To help maximize the storage space on your iPhone or iPad which can’t be expanded, in iOS 11 is also introducing a new HEIF compression scheme, shrinking images better than JPEG can, with minimal loss in image quality. The same goes for video, with a new HEVC video codec.
And last, but certainly not least, is the fact that animated GIFs will not only finally play in the iOS Photos app (previously they remained static images requiring third party apps to see the animation) and they’ll even get their own ‘Animated’ folder so they’re easier to find.
In addition to adding wireless speaker support to Apple’s Home app, HomeKit will introduce AirPlay 2 to control your audio hardware that supports multi-room playback, including the Apple TV, but not Sonos—at least for the time being.
It’s hard to make Apple CarPlay exciting, but under iOS 11 using your mobile devices in the car will get a little safer—by not letting you use them. Taking advantage of clever Bluetooth and wi-fi doppler effects to detect when you’re in a moving vehicle, CarPlay will automatically lock down your phone, giving you nothing but a blank screen to stare at. An auto-reply option for Messages will also be available under iOS 11, letting others know you’re not ignoring them, but are busy driving.
iOS on the iPad brings some additional improvements that won’t make their way to the iPhone, sadly. This includes the ability to cram even more app icons to the iPad’s dock, which can be accessed at any time, while any other app is open. The new iOS 11 iPad dock will also attempt to guess what apps you might need next, providing a suggestion at the end of the bar.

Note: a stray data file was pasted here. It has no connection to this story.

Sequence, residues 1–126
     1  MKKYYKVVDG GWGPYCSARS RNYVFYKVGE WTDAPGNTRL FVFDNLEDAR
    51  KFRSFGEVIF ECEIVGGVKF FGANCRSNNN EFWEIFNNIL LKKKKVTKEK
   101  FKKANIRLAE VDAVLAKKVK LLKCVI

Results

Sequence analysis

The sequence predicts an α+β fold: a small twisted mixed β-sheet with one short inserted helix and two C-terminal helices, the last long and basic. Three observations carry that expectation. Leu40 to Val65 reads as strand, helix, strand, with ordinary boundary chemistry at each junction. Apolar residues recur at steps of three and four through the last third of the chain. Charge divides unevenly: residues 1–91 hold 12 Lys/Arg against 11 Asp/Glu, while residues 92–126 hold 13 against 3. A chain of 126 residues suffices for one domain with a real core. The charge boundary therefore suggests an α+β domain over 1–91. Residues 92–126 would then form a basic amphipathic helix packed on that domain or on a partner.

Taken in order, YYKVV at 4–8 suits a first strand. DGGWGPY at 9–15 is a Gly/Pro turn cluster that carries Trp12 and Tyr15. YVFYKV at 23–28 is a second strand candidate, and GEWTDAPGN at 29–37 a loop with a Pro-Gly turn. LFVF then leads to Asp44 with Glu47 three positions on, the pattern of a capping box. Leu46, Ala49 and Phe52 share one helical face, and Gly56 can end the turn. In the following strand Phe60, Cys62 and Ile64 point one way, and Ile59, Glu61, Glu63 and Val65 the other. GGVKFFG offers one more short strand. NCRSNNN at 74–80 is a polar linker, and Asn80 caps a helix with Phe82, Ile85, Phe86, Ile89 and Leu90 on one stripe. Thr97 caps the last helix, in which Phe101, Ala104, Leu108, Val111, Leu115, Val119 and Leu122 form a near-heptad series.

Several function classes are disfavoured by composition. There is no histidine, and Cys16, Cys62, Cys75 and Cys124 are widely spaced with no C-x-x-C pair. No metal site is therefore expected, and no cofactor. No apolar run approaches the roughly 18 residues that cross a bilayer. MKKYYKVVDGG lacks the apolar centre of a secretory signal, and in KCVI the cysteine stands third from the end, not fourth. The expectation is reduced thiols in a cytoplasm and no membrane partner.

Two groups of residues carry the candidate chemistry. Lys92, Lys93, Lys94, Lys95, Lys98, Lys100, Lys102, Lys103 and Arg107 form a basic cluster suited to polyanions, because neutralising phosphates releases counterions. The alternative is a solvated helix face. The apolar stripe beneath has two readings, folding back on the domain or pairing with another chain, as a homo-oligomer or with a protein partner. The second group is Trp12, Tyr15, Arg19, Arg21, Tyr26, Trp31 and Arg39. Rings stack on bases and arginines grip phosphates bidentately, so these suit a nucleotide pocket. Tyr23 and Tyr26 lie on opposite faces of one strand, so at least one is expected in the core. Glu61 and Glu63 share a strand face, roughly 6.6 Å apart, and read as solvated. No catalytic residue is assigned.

The iPad’s new App Switcher now looks a lot like the one found on OS X, allowing users to drag and drop clipboard contents, images, or other files between open applications in split-view. It would be nice to have on the iPhone, but the limited screen real estate would make things simply too tiny to see when all your apps were tiled across the display.
What could be the best improvement made to the iPad’s UI under iOS 11 is the new QuickType functionality that allows punctuation, alternate characters, and even numbers to be accessed from one keyboard by simply using small gestures atop each key. It seems extremely useful, and hopefully Apple will eventually include it on the iPhone’s keyboard.
The Apple Pencil was designed to go hand-in-hand with the monstrous iPad Pro, giving artists, designers, and engineers a more authentic feeling of sketching on paper. But Apple is now expanding what the Pencil can be used for on the iPad, in standard apps like Mail, Safari, screenshots, and Notes with markup that allows users to easily make hand-drawn annotations
In Notes, iOS 11 will now use machine learning to translate and index hand-written notes so they can be searched, or copied and pasted as editable text. And it will serve as a rudimentary scanner, automatically straightening and converting documents captured using the iPad’s camera.
After a decade of updates, Apple is finally giving iOS a dedicated File Manager app called Files—at least on the iPad. But it won’t be as robust as Finder is on OS X, as the iPad’s core file structure will still remain hidden to users. Files seem more useful as a central place to find or delete files when your device runs out of storage space.
But Files also has access to stuff you’ve stored on iCloud, and other online storage services including Dropbox, Box, and Google Drive, so you don’t need to hop from app to app to find a document you need.